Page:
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    ABSTRACT: The association between obesity and iron status has a long history and is still receiving attention. However comparative analysis of the association between general obesity (BMI) and visceral obesity (waist circumference) with iron status has not been extensively researched. The aim of the present study is thus to determine if body mass index and waist circumference have the same correlation with iron status. One thousand one hundred and thirty people (225 men and 905 women) aged 30 years and above participated in this study. Anthropometric parameters, haemoglobin, iron and total iron binding capacity concentrations were measured using standard methods. Percentage transferrin saturation was calculated and ferritin concentrations were measured using an enzyme linked immunosorbent assay. Obese or overweight women had significantly lower iron and transferrin saturation concentration when compared to non-obese women. In contrast, women with high waist circumference had comparable plasma iron and transferrin saturation to women with normal waist circumference. Partial correlation analysis and linear regression analysis showed that BMI is negatively and significantly associated with plasma iron, transferrin saturation, Hb and ferritin concentration, whilst waist circumference is positively but insignificantly associated with plasma iron, transferrin saturation, Hb and ferritin concentration. Binary regression analysis showed that obese or overweight people are more likely to have iron deficiency, whilst those with raised waist circumference are more likely to have iron overload. Multivariate analysis showed that body mass index is negatively and significantly associated with low iron status, while waist circumference is positively and insignificantly associated with iron status. This is supported by a comparison of plasma iron, transferrin saturation and ferritin concentrations in participants with high body mass index and normal waist circumference and participants with normal body mass index and high waist circumference to those participants having normal body mass index and normal waist circumference. The present study suggests that in women body mass index is associated with low plasma iron, transferrin saturation and ferritin concentrations, while waist circumference is associated with high plasma iron, transferrin saturation and ferritin concentrations. Copyright © 2015. Published by Elsevier GmbH.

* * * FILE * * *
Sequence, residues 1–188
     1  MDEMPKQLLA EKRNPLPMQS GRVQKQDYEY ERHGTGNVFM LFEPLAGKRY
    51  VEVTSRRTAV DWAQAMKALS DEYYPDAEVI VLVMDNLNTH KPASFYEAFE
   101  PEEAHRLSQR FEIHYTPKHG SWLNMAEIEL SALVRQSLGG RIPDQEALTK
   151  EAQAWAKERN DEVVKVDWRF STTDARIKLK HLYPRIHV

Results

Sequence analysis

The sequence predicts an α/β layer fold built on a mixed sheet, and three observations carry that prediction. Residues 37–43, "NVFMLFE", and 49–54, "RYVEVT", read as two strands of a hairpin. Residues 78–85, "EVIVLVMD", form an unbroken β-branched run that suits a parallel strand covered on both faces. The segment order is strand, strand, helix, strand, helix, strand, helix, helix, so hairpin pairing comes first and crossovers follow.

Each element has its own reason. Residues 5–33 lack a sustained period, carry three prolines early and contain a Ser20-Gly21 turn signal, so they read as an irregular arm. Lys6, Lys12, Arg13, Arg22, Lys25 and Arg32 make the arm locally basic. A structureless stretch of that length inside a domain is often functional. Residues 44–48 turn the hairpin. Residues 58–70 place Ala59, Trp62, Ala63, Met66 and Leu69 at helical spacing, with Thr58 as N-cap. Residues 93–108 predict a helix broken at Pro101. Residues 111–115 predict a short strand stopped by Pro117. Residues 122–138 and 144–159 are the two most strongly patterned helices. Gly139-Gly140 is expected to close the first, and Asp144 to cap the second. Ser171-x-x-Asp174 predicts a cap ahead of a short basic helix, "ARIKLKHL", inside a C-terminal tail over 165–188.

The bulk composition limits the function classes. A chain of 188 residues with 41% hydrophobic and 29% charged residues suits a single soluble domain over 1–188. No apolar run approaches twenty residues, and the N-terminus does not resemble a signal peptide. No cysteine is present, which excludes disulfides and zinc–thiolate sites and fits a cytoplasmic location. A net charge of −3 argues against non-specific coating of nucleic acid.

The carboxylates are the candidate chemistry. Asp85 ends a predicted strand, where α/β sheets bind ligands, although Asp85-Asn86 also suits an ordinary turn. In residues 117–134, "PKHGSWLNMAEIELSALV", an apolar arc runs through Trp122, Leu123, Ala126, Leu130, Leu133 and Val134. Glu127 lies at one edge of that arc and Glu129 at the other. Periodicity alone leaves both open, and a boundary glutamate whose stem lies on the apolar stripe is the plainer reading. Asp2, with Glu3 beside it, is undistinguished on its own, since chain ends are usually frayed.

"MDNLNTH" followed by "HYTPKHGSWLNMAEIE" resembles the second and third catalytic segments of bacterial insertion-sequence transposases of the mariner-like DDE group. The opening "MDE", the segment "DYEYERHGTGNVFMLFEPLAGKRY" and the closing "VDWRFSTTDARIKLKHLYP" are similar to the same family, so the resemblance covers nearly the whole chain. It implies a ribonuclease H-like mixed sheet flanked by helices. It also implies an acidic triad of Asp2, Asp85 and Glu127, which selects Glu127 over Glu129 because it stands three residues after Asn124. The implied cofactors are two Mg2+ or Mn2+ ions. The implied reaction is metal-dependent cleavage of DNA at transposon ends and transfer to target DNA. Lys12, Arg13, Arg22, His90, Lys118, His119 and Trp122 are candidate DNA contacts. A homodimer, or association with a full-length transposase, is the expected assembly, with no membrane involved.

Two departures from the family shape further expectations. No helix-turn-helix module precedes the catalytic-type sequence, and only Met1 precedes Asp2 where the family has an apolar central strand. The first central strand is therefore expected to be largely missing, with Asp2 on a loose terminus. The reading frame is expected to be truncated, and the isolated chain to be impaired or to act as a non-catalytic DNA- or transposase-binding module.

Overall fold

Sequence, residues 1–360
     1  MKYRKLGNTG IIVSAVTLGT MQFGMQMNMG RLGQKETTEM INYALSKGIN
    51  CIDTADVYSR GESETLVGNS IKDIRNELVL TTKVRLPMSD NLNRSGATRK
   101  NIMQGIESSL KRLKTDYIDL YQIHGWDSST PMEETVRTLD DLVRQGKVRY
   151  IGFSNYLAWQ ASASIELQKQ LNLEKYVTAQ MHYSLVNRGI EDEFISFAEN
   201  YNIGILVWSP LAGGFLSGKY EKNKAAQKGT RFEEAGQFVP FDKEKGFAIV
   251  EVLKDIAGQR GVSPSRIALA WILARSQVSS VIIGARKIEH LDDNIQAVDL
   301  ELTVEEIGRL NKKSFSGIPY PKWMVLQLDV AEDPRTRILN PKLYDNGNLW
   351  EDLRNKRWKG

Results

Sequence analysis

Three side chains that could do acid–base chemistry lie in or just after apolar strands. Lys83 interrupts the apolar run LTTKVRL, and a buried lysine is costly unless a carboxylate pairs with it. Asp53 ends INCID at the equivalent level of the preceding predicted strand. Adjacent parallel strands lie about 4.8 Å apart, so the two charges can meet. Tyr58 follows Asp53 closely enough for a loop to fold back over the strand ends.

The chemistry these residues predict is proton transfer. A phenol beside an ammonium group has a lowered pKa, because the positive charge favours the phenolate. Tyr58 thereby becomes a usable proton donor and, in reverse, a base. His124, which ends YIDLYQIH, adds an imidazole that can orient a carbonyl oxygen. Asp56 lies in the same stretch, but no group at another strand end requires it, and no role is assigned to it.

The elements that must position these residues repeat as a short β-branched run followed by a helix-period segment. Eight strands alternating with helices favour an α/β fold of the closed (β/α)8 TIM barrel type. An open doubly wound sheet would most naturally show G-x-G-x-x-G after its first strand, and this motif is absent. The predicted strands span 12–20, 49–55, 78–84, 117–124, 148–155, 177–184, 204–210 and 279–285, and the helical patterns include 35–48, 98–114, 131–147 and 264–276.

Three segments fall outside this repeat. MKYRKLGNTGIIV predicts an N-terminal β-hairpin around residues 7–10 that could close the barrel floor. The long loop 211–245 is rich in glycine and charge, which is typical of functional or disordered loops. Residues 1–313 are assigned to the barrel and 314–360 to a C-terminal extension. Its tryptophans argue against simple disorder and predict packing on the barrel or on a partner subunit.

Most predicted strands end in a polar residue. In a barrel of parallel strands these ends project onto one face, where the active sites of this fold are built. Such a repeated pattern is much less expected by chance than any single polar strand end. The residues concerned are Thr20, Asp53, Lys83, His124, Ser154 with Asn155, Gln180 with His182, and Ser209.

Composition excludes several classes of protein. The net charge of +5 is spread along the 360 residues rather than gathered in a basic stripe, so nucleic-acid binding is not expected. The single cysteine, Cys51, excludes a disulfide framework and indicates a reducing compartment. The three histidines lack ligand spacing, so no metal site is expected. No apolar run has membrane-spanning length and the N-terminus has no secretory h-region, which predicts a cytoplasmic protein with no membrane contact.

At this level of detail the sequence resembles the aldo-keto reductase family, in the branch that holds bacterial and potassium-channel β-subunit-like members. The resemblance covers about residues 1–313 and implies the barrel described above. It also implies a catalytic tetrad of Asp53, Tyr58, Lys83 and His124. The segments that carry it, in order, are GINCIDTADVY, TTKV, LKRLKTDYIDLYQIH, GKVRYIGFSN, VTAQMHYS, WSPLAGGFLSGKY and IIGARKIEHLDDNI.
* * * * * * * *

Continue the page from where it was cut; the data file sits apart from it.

Journal of Trace Elements in Medicine and Biology 06/2015; 32. DOI:10.1016/j.jtemb.2015.06.003 · 2.37 Impact Factor
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    • "No significant differences in Fe intake were found by comparing BMIs [24]. Similar results were reported by Cepeda et al. in Mexican women, who did not show differences in Fe intake by BMI classification [43]. Regarding Hb, in 1981 Scheer et al. evaluated whether Hb criteria should be adjusted for obesity. "